c) The success of our SARE funded project has opened up many other opportunities for our farm, including:
-We have sought out and received additional grants, specifically a Home Depot 2013 Youth Gardening Grant to supplement our farm programming
-Local private and public schools have contacted us for educational farm tours
-Local non-profits focused on youth and gardening have contacted us as collaborators.
-Our partnership with the University of La Crosse Community Health and Education majors has grown due to additional volunteer opportunities with our SARE funded “Summer on the Farm” programming.
d) We have learned that educational farm programming could be a significant part of our farm revenue, either through a non-profit (grant and donation supported) model or through a profit-based model where families pay for the experience. We are currently exploring these options. We can furthermore collaborate with other local farmers who are developing similar programming.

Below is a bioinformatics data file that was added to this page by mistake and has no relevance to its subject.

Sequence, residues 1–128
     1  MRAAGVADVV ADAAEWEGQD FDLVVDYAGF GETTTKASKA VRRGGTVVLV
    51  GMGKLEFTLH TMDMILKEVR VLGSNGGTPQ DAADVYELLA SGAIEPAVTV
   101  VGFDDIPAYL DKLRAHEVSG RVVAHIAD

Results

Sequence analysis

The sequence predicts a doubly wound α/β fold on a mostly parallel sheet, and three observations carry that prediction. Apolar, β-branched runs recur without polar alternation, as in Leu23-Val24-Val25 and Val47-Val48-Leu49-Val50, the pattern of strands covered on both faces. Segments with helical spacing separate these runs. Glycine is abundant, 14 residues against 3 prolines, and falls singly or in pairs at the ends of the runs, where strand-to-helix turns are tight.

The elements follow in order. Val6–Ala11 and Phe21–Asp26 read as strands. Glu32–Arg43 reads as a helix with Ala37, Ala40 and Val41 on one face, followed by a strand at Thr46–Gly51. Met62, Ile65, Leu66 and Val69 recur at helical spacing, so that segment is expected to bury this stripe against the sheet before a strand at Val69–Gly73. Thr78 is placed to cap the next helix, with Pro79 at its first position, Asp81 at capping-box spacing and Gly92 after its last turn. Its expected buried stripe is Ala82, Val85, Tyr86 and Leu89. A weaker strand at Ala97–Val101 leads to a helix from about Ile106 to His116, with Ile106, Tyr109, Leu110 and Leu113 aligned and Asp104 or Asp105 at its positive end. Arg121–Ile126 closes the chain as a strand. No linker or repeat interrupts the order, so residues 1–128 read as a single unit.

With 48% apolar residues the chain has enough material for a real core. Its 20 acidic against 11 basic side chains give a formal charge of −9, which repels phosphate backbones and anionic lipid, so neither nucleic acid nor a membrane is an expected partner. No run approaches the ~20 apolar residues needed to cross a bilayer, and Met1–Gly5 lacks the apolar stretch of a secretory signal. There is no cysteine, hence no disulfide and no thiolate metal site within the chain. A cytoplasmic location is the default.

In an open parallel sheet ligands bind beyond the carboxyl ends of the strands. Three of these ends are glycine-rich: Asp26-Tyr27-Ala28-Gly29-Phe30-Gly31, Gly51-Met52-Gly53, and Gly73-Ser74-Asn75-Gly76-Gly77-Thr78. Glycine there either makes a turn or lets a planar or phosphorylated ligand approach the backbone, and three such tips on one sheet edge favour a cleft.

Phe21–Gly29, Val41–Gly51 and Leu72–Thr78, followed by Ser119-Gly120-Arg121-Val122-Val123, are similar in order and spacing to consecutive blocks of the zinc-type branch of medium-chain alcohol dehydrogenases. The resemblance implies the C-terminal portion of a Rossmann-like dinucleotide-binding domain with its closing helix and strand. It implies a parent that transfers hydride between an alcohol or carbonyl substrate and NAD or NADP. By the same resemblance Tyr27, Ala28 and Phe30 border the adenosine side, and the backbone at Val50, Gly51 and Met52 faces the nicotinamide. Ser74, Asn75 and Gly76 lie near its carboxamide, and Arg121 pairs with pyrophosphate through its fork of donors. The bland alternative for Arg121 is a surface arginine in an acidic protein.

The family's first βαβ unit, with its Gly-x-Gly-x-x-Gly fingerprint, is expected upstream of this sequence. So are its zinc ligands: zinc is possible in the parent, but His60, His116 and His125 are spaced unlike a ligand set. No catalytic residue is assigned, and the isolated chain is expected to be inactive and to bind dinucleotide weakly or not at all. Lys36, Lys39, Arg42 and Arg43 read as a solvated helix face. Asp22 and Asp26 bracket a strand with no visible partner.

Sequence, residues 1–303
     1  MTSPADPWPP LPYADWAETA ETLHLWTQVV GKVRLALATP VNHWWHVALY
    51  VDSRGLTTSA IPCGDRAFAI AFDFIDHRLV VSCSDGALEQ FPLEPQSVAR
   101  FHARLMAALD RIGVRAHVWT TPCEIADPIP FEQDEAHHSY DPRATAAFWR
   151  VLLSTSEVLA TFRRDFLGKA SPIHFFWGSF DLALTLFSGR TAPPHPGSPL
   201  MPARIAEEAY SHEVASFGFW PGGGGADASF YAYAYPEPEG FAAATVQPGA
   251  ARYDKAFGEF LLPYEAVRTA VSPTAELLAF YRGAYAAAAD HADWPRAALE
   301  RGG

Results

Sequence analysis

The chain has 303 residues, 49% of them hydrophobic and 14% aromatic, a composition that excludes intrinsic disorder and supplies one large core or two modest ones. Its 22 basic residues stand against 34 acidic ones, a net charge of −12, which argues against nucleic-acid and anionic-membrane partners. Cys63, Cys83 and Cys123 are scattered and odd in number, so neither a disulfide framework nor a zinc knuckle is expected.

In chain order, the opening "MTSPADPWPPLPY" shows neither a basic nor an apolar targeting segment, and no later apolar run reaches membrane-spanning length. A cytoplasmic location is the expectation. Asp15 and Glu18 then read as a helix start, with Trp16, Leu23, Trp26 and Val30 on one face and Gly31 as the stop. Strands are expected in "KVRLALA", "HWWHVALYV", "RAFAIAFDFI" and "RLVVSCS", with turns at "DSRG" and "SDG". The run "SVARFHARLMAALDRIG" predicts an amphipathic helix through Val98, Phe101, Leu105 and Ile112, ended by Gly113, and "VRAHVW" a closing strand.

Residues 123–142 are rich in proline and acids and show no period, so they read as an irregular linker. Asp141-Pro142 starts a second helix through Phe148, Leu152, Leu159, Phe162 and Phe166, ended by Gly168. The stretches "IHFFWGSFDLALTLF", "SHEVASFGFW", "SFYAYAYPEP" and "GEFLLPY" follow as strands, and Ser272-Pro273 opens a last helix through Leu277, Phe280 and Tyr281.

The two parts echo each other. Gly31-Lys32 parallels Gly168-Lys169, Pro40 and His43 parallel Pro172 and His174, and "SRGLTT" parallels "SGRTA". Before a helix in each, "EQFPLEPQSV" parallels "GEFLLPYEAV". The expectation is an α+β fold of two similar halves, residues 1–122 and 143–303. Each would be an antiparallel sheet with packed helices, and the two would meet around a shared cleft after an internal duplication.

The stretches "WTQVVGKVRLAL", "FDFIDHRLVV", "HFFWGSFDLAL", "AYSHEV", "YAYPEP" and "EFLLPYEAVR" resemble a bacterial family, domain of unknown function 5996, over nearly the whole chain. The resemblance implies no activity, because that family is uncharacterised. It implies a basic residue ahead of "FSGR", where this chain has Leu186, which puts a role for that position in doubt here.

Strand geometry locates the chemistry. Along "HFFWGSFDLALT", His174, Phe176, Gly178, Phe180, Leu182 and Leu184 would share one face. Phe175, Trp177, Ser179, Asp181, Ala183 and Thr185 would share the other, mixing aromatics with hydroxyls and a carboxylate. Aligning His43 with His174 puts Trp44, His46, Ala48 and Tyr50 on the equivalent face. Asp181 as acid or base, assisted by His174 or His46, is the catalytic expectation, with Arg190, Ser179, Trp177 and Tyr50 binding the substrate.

3. WORK PLAN FOR 2013
We have three “Summer on the Farm” sessions scheduled for Summer 2013. We are experimenting with a 2-day session, a 3-day session, and a 4-day session to see which seems to work the best for us, for the parents, and for the participants. Pending approval of our extension request, we will reserve 2 final sessions for 2014. If the extension is not approved we will add 2 more sessions to July 2013.